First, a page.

“Russia’s heinous attacks over the last 365 days have laid bare the cruelty of the ongoing aggression," it said. "We condemn Russia’s illegal, unjustifiable, and unprovoked war, disregard for the Charter of the United Nations and indifference to the impacts that its war is having on people worldwide."

The cruelty was one reason the U.N. General Assembly voted overwhelmingly a day earlier to approve a nonbinding resolution calling for Russia to stop its fighting in Ukraine. The 193-nation assembly, in a vote of 141-7 with 32 abstentions, marked the eve of the first anniversary of the full-scale invasion on Feb. 24, 2022, by demanding an end to Russia's aggression.

Even Russia's ally China, also observing the grim one-year anniversary, offered a 12-point plan to end the war and called on Moscow and Kyiv to agree to a cease-fire. It calls for humanitarian aid corridors to be set up, safety guarantees for the region's vital food exports and nuclear power plants, and a halt to Western nations' sanctions on Russia.

With their towns and villages targeted by shelling and missiles, Ukraine's children are missing out on routine vaccines, regular health care and daily schooling. Scores of them are being pushed into poverty by the fiscal crisis forced on their families by the attacks ordered by the Russian president.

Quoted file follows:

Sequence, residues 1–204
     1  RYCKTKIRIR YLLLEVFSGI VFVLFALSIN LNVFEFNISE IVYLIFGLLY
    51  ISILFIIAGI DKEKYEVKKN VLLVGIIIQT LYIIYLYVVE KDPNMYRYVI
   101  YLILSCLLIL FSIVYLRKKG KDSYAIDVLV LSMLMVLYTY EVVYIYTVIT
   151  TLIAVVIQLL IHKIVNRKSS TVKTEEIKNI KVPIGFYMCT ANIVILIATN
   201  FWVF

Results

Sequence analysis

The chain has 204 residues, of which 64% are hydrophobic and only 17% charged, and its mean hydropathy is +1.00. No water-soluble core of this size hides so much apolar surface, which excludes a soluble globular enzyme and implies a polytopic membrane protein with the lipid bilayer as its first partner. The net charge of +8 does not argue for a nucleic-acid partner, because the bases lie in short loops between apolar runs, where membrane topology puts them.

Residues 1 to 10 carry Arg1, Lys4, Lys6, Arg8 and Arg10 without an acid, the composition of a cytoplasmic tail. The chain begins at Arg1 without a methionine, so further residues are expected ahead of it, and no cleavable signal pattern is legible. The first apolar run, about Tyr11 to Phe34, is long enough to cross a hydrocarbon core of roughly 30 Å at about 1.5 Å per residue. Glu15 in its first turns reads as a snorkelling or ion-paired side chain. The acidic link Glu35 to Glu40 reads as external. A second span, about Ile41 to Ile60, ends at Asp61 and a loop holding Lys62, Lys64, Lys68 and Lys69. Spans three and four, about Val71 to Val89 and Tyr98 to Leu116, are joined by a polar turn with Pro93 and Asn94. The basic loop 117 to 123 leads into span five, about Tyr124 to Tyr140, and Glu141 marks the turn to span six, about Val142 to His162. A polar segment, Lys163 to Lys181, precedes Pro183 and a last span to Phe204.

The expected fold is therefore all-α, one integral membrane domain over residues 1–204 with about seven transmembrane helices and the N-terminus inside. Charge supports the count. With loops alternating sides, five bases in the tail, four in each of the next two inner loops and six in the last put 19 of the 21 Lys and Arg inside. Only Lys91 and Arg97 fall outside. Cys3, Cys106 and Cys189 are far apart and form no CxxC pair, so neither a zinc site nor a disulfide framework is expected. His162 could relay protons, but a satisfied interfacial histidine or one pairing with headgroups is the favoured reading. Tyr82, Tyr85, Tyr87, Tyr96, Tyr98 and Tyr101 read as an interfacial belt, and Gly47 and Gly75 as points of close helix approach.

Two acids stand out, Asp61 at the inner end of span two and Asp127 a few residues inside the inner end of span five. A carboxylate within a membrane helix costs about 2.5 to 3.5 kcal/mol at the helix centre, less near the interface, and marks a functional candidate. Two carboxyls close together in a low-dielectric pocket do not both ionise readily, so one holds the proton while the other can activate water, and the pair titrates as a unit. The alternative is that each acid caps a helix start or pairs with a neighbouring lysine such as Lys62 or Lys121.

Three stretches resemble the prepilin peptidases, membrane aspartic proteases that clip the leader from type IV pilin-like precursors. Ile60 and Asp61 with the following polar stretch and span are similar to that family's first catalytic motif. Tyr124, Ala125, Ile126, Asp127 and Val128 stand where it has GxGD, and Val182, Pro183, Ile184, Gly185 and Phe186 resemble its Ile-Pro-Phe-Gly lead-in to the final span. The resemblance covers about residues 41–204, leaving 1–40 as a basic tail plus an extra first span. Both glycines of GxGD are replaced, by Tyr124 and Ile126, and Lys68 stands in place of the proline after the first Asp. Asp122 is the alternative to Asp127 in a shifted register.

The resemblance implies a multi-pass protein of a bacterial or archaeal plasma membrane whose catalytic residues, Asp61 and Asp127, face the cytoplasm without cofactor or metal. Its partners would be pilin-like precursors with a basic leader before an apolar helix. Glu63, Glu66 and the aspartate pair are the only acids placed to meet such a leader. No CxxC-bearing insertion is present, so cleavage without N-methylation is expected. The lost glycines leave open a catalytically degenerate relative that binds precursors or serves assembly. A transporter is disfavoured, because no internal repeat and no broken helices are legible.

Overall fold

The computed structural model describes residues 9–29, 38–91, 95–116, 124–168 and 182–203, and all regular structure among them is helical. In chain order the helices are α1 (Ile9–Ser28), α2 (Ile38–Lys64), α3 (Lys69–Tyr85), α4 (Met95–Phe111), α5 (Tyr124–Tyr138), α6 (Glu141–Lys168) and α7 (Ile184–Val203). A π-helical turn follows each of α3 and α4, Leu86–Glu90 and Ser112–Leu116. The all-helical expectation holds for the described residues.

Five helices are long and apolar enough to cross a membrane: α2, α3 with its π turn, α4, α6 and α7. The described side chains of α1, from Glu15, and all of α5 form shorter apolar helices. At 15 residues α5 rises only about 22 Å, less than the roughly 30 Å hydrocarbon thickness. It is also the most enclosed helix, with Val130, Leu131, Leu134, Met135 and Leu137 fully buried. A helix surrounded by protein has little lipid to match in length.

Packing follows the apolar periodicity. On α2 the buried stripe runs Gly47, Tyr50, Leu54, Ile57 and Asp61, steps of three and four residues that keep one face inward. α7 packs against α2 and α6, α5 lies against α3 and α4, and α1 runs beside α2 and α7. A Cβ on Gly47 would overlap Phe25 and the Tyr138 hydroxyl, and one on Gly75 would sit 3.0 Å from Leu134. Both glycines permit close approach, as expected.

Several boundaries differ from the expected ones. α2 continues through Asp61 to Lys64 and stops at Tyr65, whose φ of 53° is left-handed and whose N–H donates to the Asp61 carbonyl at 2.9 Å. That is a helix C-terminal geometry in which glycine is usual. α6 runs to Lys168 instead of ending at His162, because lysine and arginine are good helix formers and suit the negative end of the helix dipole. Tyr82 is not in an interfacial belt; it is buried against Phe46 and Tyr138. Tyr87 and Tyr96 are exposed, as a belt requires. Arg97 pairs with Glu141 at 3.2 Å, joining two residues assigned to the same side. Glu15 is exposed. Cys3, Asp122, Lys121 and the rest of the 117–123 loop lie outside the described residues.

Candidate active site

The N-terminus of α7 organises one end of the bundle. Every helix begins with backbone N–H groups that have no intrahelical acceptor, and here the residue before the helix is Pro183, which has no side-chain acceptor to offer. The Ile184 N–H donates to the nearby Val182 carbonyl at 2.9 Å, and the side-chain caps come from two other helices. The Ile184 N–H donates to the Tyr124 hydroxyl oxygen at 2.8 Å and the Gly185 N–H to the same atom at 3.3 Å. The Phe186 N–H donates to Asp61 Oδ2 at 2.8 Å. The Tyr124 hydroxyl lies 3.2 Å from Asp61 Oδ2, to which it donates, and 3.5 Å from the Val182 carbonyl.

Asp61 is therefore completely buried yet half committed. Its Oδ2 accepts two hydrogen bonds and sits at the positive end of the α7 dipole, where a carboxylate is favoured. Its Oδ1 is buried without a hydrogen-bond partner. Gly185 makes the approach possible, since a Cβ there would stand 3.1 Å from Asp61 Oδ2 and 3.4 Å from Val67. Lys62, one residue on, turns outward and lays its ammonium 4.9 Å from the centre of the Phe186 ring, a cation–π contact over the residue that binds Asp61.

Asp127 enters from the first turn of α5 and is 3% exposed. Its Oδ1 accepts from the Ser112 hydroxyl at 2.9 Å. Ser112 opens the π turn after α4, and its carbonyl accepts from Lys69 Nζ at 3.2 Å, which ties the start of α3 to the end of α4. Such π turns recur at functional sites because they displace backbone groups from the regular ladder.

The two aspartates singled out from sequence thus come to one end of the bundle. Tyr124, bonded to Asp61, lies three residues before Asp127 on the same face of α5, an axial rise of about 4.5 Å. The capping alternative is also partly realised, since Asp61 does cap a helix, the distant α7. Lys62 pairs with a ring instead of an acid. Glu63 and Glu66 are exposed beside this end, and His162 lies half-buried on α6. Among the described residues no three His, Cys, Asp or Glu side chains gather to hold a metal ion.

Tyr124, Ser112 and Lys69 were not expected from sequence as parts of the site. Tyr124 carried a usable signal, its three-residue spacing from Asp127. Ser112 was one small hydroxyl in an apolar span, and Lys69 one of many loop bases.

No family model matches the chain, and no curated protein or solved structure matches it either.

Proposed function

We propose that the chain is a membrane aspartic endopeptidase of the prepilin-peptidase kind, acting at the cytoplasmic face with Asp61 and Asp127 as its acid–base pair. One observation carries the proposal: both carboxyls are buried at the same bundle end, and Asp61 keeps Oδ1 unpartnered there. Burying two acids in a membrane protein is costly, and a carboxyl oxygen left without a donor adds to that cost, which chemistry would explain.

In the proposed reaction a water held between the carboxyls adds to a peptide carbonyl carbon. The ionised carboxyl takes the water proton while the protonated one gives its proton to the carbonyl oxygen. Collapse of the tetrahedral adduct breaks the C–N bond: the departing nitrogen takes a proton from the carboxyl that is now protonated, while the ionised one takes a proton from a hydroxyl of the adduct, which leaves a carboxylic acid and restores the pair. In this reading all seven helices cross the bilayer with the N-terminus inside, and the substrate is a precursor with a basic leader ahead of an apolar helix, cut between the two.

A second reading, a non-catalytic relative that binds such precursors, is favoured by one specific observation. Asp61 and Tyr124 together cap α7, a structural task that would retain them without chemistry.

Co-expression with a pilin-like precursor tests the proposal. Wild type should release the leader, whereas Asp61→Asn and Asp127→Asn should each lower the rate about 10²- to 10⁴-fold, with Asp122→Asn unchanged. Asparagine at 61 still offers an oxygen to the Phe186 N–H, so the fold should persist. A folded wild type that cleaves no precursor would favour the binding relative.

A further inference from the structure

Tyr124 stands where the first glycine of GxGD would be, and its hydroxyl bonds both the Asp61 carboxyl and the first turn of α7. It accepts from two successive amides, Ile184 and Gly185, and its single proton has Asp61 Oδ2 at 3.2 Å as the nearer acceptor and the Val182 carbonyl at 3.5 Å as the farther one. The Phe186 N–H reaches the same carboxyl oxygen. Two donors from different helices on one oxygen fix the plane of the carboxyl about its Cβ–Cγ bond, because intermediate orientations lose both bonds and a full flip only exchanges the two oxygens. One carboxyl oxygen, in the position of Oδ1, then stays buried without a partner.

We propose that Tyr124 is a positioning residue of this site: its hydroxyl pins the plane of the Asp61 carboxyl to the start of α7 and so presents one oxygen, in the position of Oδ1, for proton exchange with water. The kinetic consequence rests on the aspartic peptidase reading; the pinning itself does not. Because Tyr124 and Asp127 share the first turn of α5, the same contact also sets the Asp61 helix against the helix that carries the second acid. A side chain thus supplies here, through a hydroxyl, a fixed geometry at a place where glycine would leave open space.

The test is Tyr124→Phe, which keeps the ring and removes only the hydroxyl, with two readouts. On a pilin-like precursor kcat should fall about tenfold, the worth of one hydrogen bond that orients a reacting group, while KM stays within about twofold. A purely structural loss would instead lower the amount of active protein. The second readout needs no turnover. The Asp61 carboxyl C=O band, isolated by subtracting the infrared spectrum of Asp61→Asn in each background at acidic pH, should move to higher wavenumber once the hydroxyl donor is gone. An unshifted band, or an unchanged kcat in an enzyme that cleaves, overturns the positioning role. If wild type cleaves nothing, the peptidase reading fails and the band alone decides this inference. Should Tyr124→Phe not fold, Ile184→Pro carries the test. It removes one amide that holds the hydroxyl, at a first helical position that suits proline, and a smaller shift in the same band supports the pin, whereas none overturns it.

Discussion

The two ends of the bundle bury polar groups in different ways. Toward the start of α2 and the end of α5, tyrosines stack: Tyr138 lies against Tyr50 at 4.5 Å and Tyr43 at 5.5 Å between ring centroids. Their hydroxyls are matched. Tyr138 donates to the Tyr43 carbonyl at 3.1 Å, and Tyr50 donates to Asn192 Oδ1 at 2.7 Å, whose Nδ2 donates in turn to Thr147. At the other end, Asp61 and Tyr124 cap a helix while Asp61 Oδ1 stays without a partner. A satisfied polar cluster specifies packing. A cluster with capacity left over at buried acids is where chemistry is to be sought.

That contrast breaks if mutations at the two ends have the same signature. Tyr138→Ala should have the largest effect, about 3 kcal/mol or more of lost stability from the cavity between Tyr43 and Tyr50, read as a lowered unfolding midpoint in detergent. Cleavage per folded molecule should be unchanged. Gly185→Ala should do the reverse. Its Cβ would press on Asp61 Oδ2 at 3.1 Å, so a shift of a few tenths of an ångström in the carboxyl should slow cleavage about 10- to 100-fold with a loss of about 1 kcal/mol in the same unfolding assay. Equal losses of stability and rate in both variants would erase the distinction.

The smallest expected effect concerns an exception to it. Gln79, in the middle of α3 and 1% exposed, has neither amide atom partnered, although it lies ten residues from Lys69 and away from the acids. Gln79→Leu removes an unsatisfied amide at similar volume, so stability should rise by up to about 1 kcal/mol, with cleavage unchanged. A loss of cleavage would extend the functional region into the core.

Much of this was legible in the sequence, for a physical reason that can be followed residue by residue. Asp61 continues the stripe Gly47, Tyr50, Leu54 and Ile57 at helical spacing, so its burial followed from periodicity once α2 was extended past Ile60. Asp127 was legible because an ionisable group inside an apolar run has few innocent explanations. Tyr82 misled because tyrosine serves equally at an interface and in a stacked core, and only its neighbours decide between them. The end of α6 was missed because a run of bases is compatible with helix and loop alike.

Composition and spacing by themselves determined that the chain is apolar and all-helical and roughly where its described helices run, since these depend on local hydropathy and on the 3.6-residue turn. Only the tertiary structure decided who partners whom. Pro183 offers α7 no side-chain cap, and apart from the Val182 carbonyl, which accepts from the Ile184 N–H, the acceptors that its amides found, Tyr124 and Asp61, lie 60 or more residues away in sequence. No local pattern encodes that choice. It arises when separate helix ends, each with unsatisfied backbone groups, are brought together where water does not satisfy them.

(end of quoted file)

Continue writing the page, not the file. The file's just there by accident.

"Children in Ukraine have experienced a year of horror," said UNICEF's executive director Catherine Russell. "Millions of children are going to sleep cold and scared and waking up hoping for an end to this brutal war."

No child, she said, "should ever have to bear that kind of suffering." More than 800 health facilities have been destroyed or damaged by shelling and airstrikes, according to UNICEF, which has stepped in to provide health care services to millions of children and women.

Russian 're-education' camps

In Kyiv, Zelenskyy rallied his nation with "invincibility" government events and speeches to mark the one-year anniversary as he vowed to keep pushing for victory over Russia this year.

“We have been standing for exactly one year,” he said, calling the invasion a year earlier “the longest day of our lives. The hardest day of our modern history. We woke up early and haven’t fallen asleep since.”

The economic crisis brought by the war is only expanding, with a huge number of families reporting a significant loss of income. A UNICEF analysis shows the percentage of children living in poverty in Ukraine shot up to 80%, almost double what it was at the start of the war a year ago.